A recent Court of Chancery decision explains when an agreement will be deemed ambiguous such that extrinsic evidence will be allowed, and related contract interpretation principles.
Key Issue Addressed:
The court, in Zayo Group, LLC v. Latisys Holdings, LLC, C.A. No. 12874-VCS (Del. Ch. Nov. 26, 2018), described the “real controversy” in the matter as one arising from the parties’ disagreement about what the contract regarding the sale of a company provided in connection with whether a disclosure was required when a customer “failed to renew” as opposed to “terminated” its status as a customer.
Key Legal Principles Addressed:
· The court explained when an agreement will be considered ambiguous such that extrinsic evidence will be permitted. The court emphasized that a contract is not rendered ambiguous simply because the parties do not agree on its proper construction. Rather a contract is ambiguous only when the provisions in controversy are “reasonably or fairly susceptible of different interpretations or may have two or more different meanings.” See pages 34 to 35.
· The court described the types of extrinsic evidence that will help to inform the court regarding the intent of the parties based on an objective theory of contracts, e.g., usage of trade and course of dealings, as well as the drafts of the agreement leading to a final document and the negotiation history of the parties. See pages 36 to 37.
· The court observed that although a basic rule of contract construction is not to render terms of a contract superfluous, that rule doesn’t apply to synonyms–in this matter the court referred to various sources to interpret the definitions in this context of “terminate” and “cancel” to be essentially synonymous.
· The extrinsic evidence in this matter revealed that the parties did not intend to equate the terms “terminate or cancel” with “non-renewal” of customer agreements such that it required disclosure of those customers who chose “not to renew.” See 37 to 39.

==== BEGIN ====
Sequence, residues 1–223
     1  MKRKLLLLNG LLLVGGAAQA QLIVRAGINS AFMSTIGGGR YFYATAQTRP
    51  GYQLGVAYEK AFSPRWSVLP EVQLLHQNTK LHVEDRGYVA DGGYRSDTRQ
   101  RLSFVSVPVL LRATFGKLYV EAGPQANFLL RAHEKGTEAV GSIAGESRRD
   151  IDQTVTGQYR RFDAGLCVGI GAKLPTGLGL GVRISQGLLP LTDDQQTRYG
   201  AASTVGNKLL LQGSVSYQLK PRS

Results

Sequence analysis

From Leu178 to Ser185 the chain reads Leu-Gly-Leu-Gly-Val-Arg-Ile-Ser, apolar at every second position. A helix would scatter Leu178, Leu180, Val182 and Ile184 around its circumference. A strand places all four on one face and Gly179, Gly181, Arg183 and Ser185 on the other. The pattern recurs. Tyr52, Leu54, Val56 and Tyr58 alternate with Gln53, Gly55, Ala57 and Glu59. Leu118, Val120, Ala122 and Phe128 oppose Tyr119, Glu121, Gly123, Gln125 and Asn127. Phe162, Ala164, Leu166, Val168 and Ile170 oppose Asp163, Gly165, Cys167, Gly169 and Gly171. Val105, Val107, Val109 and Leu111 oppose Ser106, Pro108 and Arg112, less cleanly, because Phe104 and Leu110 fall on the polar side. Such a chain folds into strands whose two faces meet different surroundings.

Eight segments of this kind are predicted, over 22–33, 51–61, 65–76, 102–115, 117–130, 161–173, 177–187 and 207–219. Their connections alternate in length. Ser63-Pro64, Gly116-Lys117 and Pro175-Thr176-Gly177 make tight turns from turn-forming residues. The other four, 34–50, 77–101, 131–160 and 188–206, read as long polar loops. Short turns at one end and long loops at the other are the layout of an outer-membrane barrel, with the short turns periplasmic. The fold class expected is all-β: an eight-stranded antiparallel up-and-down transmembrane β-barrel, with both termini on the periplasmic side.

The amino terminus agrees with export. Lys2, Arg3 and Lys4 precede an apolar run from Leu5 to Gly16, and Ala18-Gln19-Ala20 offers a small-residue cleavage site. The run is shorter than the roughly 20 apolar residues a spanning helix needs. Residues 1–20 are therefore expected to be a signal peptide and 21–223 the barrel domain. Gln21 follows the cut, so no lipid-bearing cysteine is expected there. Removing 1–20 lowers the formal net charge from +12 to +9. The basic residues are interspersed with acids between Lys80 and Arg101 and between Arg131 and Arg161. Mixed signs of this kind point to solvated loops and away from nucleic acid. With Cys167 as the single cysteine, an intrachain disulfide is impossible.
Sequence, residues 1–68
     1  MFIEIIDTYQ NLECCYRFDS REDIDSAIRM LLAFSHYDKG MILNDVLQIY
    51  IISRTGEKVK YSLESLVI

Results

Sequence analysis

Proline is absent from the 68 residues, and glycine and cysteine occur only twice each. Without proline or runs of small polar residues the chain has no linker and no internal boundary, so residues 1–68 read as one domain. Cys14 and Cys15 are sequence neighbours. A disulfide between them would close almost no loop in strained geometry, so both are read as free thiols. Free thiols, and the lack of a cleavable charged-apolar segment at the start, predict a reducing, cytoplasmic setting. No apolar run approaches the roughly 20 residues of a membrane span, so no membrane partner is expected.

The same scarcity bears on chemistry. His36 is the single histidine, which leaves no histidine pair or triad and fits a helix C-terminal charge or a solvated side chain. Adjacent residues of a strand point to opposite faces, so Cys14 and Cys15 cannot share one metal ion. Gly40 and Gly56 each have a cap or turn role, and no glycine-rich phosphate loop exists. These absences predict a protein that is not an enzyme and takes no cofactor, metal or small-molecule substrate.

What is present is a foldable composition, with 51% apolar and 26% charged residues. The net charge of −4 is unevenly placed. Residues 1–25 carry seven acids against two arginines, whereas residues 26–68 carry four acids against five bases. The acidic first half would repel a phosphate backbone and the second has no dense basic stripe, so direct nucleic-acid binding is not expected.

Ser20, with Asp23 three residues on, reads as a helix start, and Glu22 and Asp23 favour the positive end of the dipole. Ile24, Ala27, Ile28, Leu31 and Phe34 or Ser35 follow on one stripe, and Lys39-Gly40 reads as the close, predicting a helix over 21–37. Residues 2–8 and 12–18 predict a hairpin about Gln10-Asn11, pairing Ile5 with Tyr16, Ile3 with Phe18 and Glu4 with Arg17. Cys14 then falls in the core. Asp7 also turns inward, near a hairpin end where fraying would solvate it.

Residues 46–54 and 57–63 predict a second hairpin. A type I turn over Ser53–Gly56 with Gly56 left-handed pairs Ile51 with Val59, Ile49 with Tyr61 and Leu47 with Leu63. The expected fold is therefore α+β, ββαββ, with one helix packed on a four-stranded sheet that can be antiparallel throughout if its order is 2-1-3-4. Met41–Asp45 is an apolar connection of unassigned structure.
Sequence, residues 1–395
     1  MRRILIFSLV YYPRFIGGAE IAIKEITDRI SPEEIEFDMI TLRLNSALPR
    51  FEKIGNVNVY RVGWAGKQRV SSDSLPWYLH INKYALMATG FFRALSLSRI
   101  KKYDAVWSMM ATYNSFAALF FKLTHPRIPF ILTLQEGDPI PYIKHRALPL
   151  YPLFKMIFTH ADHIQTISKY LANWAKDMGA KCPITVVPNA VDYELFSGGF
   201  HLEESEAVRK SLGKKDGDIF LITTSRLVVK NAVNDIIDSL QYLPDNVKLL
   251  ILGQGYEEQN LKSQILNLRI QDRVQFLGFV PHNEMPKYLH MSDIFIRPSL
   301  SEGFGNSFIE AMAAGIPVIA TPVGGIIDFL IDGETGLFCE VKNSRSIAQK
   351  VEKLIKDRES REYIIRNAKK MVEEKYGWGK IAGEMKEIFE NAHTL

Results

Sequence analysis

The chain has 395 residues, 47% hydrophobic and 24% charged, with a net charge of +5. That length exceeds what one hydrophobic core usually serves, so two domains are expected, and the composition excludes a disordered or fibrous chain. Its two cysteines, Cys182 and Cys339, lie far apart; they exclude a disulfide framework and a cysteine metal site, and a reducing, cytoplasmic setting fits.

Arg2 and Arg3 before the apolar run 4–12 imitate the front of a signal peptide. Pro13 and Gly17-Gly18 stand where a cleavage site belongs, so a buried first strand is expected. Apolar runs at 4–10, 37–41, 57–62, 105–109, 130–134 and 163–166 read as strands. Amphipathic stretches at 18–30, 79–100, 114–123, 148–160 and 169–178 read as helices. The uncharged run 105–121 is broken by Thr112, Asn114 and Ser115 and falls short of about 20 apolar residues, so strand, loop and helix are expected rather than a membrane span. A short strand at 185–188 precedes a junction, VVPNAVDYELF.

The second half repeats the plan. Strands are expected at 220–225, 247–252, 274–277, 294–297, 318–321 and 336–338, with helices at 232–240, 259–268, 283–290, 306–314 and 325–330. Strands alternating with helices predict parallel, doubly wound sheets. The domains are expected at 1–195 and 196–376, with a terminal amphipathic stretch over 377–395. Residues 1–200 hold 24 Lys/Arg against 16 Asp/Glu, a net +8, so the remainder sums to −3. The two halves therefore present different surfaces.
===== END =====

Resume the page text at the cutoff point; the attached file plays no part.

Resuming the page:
· Two other points supported the court’s reasoning. Prior drafts of the agreement showed that the buyer tried to include as part of required disclosures, those customers who “refused to renew” but the seller rejected that language and it did not appear in the final agreement. The court also referred to the hoary concept of caveat emptor. This made it incumbent on the buyer to be explicit and precise about what risk it was–or was not–assuming.
· Regarding damages, the court explained “benefit of the bargain damages” when the value of a sold company is impaired by misrepresentations. See page 45 and footnote 200.
· In addition to failing to prove breach of contract, the plaintiff also failed to establish the minimum damages or “basket” that had to be met before the indemnification duty was triggered in this matter.
Compare: recent decision in the Great Hill Equity matter, highlighted on these pages, which interpreted an indemnification clause which had a “cap”–as opposed to the provision in this indemnification clause in this matter which had a “minimum basket” that had to be met (filled) before any indemnification obligations were triggered.
Compare also: recent article by Bryan Garner in the ABA Journal that discusses what the famous wordsmith refers to as “contractual busts” or provisions in contracts that “make no literal sense at all.”
Supplement: Regarding the meaning of words in contracts, Professor Gordon Smith, Dean at the Brigham Young University Law School and the co-author of the well-read blog called Conglomerate, discusses in a recent post a new approach to researching the meaning of words and the use of words, especially as a word is used during different periods of time, called “Corpus Linguistics.” He refers in the above-linked post to a recent United States Supreme Court decision that appears to refer to this approach, and the BYU-developed database on which it is based called the Corpus of Historical American English.